With love,


Let Me Explain What This Means to Me

How I chose the title of this project

When dreaming up names for this project, I must have thought of about 100 different options. I went back and forth because I wanted the title to be representative of the content and something that resonated with my life. For those of you who don’t already know, fitness is my jam, especially boxing – I teach it for a living and it’s what I want this website to be infused with. So when I came across the boxing term “inside fighter”, a string was plucked in my mind. I knew this was what I wanted my project to be called.

I am quite short

Why “Inside Fighter”? Well, an inside fighter is someone who stays close to their opponent while fighting and delivers short and powerful blows to the body; you are literally fighting in your opponent’s range of attack. This style of fighting is especially useful for all the shorty’s out there. I myself am short. I am 5”0 (and a half inch but who’s counting). If I were ever to spar against someone, this style would be my best shot at taking the win…my arms are not long enough to be an outside boxer – most every person over 12 years of age is taller than I. Therefore, I am an “inside fighter”.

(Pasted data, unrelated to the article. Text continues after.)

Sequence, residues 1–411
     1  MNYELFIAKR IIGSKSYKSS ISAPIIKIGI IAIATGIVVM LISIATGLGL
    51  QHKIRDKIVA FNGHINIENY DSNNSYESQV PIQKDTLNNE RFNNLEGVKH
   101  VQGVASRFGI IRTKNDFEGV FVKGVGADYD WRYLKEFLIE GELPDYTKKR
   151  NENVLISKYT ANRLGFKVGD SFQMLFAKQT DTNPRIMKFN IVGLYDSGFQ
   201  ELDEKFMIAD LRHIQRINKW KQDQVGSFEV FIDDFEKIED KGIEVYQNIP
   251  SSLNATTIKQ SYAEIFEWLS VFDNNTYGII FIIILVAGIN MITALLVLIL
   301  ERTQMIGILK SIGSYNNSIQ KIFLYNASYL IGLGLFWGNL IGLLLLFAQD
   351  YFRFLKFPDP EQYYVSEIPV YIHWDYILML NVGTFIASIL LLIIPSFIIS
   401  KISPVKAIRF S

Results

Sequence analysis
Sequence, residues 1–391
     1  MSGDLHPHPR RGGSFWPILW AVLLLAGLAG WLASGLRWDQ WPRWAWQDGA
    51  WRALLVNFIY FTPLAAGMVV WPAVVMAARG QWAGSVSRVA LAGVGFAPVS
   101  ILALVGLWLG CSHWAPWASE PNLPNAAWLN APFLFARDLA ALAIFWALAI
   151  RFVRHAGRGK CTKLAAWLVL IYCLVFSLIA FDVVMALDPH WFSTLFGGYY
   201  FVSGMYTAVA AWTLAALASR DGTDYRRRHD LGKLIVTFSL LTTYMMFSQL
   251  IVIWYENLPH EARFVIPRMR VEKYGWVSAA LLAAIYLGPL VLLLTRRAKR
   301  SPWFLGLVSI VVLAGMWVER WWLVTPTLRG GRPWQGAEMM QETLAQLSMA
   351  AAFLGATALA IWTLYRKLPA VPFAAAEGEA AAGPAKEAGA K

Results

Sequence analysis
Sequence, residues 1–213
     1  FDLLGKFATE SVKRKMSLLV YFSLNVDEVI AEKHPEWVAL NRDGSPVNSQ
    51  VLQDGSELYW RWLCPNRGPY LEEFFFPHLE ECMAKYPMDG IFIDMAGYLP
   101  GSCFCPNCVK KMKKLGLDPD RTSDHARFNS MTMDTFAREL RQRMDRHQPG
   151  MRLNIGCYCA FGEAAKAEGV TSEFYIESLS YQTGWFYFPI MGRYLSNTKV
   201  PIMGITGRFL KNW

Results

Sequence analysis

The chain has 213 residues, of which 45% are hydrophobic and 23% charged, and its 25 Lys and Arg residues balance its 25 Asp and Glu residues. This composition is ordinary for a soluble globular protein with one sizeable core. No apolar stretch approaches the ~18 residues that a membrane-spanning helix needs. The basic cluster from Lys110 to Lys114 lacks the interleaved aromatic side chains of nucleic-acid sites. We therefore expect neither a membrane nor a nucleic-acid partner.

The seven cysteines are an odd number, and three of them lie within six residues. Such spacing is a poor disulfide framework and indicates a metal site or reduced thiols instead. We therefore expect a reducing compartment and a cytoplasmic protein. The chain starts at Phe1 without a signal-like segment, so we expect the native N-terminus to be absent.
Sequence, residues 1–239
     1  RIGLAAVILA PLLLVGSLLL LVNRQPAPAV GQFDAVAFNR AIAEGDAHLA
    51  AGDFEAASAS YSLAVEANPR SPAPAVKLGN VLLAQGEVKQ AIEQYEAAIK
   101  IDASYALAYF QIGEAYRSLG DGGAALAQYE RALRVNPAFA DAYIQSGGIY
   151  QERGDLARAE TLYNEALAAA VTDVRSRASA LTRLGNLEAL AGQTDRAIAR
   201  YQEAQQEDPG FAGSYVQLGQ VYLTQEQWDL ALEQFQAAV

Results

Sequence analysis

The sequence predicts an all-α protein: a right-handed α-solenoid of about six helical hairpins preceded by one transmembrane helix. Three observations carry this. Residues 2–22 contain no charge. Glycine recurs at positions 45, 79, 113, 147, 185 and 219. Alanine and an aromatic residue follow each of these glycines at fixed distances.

I have bipolar

More than anything else I want this project to be about creating a community and coming together to talk some hard things in an honest forum. Particularly mental health. It is something that I believe is super important to talk about and shed light on because unfortunately, there are still many stigmas that people have toward mental illness. I myself have bipolar I disorder and up until a couple months ago, I told nobody besides close family and a few close friends. I felt as if sharing my diagnosis would somehow change everyone’s perception of me. And here I am, ready to challenge that fear. I am not here to throw it in anybody’s face or say that I am my illness, I am here to say it is a part of me and it is a part of a lot of other people’s lives…why should we be hiding!? Mental illnesses are medical diagnoses. They are not made up “in your head” that you can “power through” and “think positively” to get better. No, they can be life altering, life threatening, and they affect 1 in 4 people worldwide. Did you hear that? Let me repeat…25% of human beings suffer from mental illnesses. That’s a lot of people. When I was diagnosed, I felt so alone. Like I was the only one going through this. The numbers say otherwise, but the way our society still views mental health can be isolating. Regardless of this, I fought through and crawled my way out of a dark place. I fought and continue to fight my internal battle…I am an “inside” fighter.

Inside Fighter is a place for everyone

In short, this project is about creating a safe place for people with or without a mental illness to come and learn from people going through it, different from a quick search or WebMD article, and for people who are looking to improve their overall health and have fun doing it. I believe fitness is a great place to start when learning to deal with the mind and the body and fighting against any illness or problematic life situation you may be facing. Whoever you are, I’m so glad you’re here and I welcome you to take a deeper look inside your life and discover in what ways you yourself are an inside fighter.

With Love,